CASE 10361 Published on 25.09.2012

Aneurysm of diverticulum of ductus arteriosus presented with haematemesis in adult



Case Type

Clinical Cases


Saket Ballabh, Ganesh Rajagopal, N Karunakaran, T Mukuntharajan

Meenakshi mission Hospital and Research Centre,
Department of Imaging and Interventional Radiology;
Lake area melur road
Madurai, India;

39 years, male

Area of Interest Cardiovascular system, Lung, Thorax ; Imaging Technique Image manipulation / Reconstruction, CT, CT-Angiography, CT-High Resolution, Conventional radiography
Clinical History
Presented in our hospital, with a history of PDA ligation 15 years before, with a cough and 3 episodes of haematemesis in past 3days. Normal pulse, BP, both radial and femoral pulses. Basal crepitation noted in left lung field. Echocardiography shows normal left ventricular function and no pulmonary hypertension.
Imaging Findings
Chest X-ray PA view showing widening of mediastinum , curvilinear calcific density in the region of aortic knuckle. Inhomogeneous patch in left upper zone. On CT angiography the characteristic location of luminal out-pouching along the inferior surface of arch of aorta in aortopulmonary window suggested the diagnosis of a ductus arteriosus aneurysm. The partially thrombosed aneurysm originated from the ventral part of the aorta at the level of the ostium of the left subclavian artery.
Ductus arteriosus is a normal anatomic structure that provides communication between the left pulmonary artery and aorta during the foetal life. A remnant of the sixth aortic arch, closes soon after birth. Closure usually begins at the pulmonary end and progresses towards the aorta. Complete anatomical obliteration requires up to 12 weeks. An indentation of the aortic wall at the site of insertion of the obliterated ductus arteriosus is seen in approximately 9-26% of adults on angiography studies and refers to ductus diverticulum, the systemic pressure in the aorta leads to aneurysmal dilatation.
Aneurysm of the ductus arteriosus may occur either spontaneously or may follow surgical repair of PDA. 140 cases of aneurysm of the ductus arteriosus have been reported in the literature of which 106 occurred spontaneously and 38 followed surgical treatment of PDA [1].The most common complication in adult is rupture occurring in 28% of cases [1]. Other complications include erosion into the adjacent structures (pericardium, bronchi, oesophagus), endocarditis and thrombosis [1, 2]. Aneurysm greater than 3cm in diameter, those producing symptoms or progressive enlargement should be surgically resected [2].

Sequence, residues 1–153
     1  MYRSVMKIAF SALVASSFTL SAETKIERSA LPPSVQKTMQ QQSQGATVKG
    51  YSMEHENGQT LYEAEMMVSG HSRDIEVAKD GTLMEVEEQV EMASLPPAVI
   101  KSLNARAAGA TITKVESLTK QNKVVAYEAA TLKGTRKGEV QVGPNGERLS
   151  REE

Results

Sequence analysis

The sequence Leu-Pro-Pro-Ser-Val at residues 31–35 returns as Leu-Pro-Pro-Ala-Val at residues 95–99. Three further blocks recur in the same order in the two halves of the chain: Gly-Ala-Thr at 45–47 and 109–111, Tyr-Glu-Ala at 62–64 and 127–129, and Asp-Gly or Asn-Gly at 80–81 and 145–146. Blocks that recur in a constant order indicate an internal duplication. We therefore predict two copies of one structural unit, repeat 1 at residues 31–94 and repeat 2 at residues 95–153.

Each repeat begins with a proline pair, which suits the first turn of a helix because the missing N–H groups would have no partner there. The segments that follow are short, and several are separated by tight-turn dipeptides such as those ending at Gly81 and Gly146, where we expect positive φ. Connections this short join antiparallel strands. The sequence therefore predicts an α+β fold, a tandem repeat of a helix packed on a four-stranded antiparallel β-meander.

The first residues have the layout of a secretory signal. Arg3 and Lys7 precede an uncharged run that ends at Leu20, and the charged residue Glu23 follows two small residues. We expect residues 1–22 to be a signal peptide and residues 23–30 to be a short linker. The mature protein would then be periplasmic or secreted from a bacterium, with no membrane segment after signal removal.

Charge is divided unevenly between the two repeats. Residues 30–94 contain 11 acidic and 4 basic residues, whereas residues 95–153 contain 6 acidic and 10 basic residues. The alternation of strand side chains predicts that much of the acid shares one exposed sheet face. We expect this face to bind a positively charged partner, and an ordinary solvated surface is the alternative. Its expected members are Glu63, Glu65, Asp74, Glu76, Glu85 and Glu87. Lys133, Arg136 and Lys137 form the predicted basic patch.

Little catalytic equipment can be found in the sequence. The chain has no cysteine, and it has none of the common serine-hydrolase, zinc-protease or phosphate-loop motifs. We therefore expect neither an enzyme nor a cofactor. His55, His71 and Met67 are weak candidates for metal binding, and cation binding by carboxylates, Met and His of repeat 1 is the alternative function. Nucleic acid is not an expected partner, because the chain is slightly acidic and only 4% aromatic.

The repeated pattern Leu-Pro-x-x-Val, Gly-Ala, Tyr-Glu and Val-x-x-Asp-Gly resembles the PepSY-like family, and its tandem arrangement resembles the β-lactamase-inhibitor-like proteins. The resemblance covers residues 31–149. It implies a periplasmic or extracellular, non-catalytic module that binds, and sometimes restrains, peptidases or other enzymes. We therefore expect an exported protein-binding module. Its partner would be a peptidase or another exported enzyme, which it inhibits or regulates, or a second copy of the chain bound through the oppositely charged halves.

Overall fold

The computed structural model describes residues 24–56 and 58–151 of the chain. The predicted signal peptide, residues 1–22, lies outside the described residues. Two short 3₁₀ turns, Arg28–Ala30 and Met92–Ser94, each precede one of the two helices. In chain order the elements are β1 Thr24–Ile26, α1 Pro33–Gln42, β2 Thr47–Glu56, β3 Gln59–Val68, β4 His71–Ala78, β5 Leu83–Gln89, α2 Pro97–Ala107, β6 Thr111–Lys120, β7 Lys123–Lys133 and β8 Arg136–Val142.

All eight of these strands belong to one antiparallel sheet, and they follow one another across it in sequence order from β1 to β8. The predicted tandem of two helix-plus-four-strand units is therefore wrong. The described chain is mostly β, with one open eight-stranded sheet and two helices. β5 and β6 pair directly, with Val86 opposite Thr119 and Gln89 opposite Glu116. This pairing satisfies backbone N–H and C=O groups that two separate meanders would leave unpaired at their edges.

Danza et al suggest two radiographic features indicative of a ductus arteriosus aneurysm. These signs are parietal calcification at the periphery of the lesion and/or the mottled calcification at the aortic side of the mass in addition to a small pedicle linking the lesion to the pulmonary artery. The pedicle may be obscured by large aneurysms [3].
The atherosclerotic aneurysms are usually large and more often affect the wide part of the aortic circumference, and they may be calcified. Post traumatic aneurysms of the thoracic aorta are typically located in the posterior part of the arch just distal to the origin of the left subclavian trunk. They tend to grow towards the left, projected not only towards the aortic window, but also into the posterior wall of the aorta.
Differential Diagnosis List
Aneurysm of the diverticulum of ductus arteriosus
Aneurysm of the aorta - atherosclerotic/post-traumatic aneurysm
Mediastinal mass
Final Diagnosis
Aneurysm of the diverticulum of ductus arteriosus
Case information
DOI: 10.1594/EURORAD/CASE.10361
ISSN: 1563-4086